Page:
Alison to the Rescue
Actress. Director. Daughter of Clint. Alison Eastwood has worn many hats, but the role she is most proud of is founder of the Eastwood Ranch Foundation.
Alison Eastwood has always been an animal lover. When she lived in Topanga, she owned horses and she has always had dogs. She says her love of animals took a dramatic turn when she got involved with Animal Intervention on Nat Geo Wild. Alison helped create and hosted the show. “We traveled the country to help animals, mostly exotics, but I saw firsthand what was occurring in shelters. I realized that I had to do more than just document the problems. I had to start doing something about it,” she explains.
That “call to action” resulted in the Calabasas resident creating the Eastwood Ranch Foundation, a nonprofit that rescues (or removes) animals, mostly dogs and cats, from high-kill shelters. The foundation also participates in adoption events at shelters. “We’ve helped get hundreds of animals out in one week. We believe that working with other rescues is the key to making a greater impact,” says Alison. With a host of fosters and volunteers, the nonprofit gets animals into loving foster homes until they can be adopted. It also transports shelter animals to other states like Washington and Oregon where over- population isn’t as big of a problem.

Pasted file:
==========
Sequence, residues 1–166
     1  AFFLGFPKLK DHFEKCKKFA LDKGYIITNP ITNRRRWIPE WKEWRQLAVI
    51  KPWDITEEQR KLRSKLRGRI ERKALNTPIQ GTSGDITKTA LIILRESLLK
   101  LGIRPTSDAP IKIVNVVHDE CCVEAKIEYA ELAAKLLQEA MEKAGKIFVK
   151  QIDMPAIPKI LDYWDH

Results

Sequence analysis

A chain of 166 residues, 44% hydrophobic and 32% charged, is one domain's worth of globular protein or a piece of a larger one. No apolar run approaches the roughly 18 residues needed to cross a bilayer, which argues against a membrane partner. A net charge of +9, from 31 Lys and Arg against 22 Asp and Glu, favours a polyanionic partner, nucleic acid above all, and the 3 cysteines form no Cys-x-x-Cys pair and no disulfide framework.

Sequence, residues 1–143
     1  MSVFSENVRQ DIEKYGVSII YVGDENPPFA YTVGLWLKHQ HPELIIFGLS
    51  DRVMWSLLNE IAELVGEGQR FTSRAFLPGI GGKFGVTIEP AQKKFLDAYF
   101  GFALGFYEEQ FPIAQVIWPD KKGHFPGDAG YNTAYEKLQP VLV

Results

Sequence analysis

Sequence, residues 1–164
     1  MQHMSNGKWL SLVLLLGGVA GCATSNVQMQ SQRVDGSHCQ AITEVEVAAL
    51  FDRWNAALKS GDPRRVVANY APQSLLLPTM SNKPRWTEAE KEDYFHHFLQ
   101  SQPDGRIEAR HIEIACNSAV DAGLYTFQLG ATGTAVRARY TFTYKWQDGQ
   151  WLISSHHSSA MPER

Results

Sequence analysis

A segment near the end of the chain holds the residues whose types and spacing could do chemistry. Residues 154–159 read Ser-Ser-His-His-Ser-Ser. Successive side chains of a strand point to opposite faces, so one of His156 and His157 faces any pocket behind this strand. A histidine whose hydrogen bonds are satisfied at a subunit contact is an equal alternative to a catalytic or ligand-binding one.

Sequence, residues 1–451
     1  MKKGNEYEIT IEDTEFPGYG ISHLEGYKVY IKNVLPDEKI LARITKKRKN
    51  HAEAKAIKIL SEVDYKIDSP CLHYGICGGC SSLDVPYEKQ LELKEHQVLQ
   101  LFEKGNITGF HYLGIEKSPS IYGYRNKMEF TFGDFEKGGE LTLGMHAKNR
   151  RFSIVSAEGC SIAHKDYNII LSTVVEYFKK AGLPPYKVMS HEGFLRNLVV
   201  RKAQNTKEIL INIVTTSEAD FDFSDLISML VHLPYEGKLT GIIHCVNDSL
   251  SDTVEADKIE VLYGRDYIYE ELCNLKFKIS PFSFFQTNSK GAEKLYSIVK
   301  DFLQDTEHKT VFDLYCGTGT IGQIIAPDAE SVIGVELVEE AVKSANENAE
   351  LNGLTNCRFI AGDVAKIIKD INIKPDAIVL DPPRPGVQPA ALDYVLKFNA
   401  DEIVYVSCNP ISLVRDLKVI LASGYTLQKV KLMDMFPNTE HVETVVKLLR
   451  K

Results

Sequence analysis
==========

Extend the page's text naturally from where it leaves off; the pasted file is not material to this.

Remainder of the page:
Fundraising is currently underway for the foundation’s own adoption center and Alison says her dad, Hollywood powerhouse Clint Eastwood, is a big supporter. “My dad is a huge animal lover. Our whole family is. He has come to all of our fundraisers and has made generous donations to help the critters. He’s proud of what we are doing.”
Alison admits, with such a large shelter population, it is hard not to get discouraged. “But every time I get a call or an email from a happy family who loves their rescue pet, it makes it all worthwhile. We know we can’t save them all, but we know we make a difference and sometimes that’s what you have to focus on.”
Alison believes the key to reducing the unwanted pet population is to enforce mandatory spay/neuter in California. She says, “We might actually be able to have very few animals in shelters. The laws need to change and be taken seriously for this epidemic to end.”
The food is only part of the charm.